The Addison reopened in September after a two-year renovation and expansion project. A new 13,000-square-foot education center funded by Andover alum Sidney R. Knafel has a library, a classroom, storage, offices, a loading dock, and the first green roof in Andover, carpeted in sedum and “Black Niijima Floats” by glass artist Dale Chihuly. The graceful rotunda has been restored, and Paul Manship’s Venus fountain now gurgles water. All the galleries have been restored but otherwise unaltered. “We weren’t going to change the small, intimate feel of the gracious and welcoming galleries,” says museum director Brian Allen. “People can very easily take ownership of the spaces and we don’t want to tamper with that.”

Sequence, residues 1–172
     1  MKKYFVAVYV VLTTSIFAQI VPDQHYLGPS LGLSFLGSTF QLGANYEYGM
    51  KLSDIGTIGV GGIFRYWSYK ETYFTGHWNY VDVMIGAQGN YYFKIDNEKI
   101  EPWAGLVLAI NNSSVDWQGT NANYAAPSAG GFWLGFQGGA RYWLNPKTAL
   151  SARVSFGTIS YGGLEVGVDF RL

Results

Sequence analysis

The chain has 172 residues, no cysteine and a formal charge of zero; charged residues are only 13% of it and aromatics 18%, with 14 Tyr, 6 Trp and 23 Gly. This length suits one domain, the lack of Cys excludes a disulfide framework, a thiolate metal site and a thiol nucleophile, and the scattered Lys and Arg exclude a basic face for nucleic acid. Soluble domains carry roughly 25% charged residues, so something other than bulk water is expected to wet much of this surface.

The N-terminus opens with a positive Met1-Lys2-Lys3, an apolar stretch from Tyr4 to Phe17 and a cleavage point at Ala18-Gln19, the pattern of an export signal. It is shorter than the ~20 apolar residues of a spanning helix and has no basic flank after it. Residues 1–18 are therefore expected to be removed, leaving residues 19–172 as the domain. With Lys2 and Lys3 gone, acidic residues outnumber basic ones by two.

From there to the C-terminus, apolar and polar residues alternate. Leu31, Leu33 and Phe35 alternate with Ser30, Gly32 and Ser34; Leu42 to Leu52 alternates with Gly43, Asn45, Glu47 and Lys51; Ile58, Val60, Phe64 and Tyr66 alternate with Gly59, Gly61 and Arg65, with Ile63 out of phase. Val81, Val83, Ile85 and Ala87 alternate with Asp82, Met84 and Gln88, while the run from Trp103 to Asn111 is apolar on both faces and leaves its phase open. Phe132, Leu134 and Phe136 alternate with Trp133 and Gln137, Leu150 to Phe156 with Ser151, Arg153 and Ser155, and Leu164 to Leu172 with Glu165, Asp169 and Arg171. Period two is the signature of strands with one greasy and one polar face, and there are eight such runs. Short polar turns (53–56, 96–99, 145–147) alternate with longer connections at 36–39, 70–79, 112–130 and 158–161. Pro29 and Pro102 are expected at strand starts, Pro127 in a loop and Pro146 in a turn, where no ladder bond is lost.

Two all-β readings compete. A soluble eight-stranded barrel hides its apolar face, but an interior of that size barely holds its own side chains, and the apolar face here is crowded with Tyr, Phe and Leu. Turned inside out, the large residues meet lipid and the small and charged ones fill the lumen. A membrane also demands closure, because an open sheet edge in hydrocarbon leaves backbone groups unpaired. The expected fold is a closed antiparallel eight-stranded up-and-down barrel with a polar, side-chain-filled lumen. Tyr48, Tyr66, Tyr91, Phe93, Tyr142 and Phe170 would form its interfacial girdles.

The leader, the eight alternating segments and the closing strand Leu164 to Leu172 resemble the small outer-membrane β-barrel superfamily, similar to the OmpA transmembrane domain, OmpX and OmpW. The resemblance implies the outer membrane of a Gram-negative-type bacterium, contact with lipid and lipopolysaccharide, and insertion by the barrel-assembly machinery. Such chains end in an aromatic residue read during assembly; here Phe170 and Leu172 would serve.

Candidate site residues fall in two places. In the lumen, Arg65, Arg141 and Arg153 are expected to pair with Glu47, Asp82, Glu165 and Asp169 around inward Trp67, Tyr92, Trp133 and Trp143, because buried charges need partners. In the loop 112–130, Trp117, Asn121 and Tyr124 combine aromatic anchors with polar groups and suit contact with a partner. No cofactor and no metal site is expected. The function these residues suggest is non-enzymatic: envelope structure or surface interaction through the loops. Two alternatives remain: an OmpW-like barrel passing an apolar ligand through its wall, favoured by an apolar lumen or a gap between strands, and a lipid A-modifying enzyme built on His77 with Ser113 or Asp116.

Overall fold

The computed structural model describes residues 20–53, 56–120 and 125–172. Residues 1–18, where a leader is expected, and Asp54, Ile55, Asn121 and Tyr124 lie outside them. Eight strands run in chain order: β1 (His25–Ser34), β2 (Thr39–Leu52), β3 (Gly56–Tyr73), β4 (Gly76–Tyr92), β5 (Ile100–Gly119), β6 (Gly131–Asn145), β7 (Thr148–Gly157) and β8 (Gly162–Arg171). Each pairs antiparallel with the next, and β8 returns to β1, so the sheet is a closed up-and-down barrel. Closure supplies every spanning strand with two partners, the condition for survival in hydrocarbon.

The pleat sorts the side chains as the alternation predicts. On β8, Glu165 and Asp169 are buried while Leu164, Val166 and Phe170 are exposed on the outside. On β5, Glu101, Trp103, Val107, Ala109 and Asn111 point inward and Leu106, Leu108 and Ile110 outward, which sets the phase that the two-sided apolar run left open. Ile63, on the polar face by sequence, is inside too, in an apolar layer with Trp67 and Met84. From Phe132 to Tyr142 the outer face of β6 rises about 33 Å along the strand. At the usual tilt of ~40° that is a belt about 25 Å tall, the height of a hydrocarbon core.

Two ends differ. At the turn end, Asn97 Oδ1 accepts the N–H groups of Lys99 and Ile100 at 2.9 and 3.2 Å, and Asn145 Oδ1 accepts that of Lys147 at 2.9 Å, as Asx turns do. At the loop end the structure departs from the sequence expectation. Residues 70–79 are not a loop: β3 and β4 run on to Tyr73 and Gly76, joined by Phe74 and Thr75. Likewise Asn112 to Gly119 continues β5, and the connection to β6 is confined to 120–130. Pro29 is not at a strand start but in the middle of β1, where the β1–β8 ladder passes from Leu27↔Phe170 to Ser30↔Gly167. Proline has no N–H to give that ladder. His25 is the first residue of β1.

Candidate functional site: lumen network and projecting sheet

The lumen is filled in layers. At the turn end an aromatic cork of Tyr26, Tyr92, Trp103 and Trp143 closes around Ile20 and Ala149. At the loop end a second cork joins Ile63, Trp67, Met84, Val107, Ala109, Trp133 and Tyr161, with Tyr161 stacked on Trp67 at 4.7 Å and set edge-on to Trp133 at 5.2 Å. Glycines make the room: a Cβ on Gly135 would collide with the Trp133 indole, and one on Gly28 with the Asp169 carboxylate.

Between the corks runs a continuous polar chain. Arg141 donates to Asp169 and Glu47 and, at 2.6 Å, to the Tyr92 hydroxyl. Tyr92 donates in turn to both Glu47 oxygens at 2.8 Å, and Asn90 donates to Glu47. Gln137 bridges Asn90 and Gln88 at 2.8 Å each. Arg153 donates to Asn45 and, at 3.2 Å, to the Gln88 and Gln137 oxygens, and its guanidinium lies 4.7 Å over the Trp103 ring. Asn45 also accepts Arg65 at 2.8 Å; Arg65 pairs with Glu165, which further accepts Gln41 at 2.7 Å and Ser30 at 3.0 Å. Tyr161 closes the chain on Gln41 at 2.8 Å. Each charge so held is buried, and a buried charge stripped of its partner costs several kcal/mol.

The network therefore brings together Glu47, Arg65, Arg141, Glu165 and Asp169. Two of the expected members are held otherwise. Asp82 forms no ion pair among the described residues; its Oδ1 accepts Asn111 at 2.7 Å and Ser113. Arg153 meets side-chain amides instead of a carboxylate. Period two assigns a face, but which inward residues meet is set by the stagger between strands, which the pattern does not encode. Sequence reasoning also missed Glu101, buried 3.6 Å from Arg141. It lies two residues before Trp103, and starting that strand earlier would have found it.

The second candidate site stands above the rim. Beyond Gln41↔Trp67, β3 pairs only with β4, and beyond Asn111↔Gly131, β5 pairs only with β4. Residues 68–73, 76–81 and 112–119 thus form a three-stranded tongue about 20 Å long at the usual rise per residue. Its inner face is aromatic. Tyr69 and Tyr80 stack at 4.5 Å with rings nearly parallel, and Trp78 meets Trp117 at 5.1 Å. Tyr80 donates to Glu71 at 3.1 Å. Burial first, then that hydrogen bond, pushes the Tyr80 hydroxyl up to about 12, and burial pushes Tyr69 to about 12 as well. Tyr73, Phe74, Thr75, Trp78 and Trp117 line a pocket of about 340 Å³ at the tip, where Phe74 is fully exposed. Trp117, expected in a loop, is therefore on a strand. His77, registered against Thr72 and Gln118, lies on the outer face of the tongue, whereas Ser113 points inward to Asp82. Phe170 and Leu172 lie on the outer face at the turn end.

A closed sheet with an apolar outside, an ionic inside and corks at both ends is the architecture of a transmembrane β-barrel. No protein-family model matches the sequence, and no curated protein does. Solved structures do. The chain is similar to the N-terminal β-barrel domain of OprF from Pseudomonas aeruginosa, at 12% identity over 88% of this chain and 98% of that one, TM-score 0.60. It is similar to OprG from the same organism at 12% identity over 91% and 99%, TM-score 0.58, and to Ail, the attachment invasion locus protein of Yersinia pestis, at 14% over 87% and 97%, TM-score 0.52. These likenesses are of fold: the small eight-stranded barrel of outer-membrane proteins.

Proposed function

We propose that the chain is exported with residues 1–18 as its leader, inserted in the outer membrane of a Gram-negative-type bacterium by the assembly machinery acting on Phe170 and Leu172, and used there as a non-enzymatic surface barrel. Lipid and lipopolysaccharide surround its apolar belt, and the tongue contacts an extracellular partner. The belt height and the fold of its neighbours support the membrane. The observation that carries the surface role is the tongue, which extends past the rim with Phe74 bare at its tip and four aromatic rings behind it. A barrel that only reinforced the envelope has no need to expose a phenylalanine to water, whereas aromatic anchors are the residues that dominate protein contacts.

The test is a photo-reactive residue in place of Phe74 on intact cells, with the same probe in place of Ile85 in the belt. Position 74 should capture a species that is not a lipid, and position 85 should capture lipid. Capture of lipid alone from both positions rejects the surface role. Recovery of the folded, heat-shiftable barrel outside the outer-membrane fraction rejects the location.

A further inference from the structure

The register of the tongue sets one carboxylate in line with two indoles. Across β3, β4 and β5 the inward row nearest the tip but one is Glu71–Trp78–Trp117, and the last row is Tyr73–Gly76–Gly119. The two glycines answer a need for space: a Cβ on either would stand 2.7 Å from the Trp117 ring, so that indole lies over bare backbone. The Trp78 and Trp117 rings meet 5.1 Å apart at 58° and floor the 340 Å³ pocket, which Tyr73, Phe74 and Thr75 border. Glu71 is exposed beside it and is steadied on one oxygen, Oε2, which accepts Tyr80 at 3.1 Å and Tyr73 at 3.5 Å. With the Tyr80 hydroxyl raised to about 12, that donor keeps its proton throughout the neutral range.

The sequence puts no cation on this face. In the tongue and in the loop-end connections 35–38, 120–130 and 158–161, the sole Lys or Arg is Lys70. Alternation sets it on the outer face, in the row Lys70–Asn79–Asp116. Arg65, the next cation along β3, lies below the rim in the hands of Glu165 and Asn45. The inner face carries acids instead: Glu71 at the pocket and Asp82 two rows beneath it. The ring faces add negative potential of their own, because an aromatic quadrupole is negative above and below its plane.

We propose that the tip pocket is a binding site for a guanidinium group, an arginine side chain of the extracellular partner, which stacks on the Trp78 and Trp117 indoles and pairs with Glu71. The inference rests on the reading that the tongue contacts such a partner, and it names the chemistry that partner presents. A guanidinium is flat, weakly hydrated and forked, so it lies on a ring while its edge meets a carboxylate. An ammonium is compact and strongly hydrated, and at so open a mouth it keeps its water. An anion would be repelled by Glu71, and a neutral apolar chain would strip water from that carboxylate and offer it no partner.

In November, the Gallery shows the work of Sheila Hicks, an American textile sculptor with influences of Paris and Santiago, Chile. In January, an exhibit by painter and stained-glass-window maker John La Farge takes residence. Artist in Residence Tristan Perich’s multimedia installation is on view in the Museum Learning Center through March 27.

Location: Campus of Phillips Academy Main Street and Chapel Avenue, Andover, 978-749-4015, Hours: Tuesday-Saturday, 10-5; Sunday, 1-5, closed Mondays and national holidays. Free admission.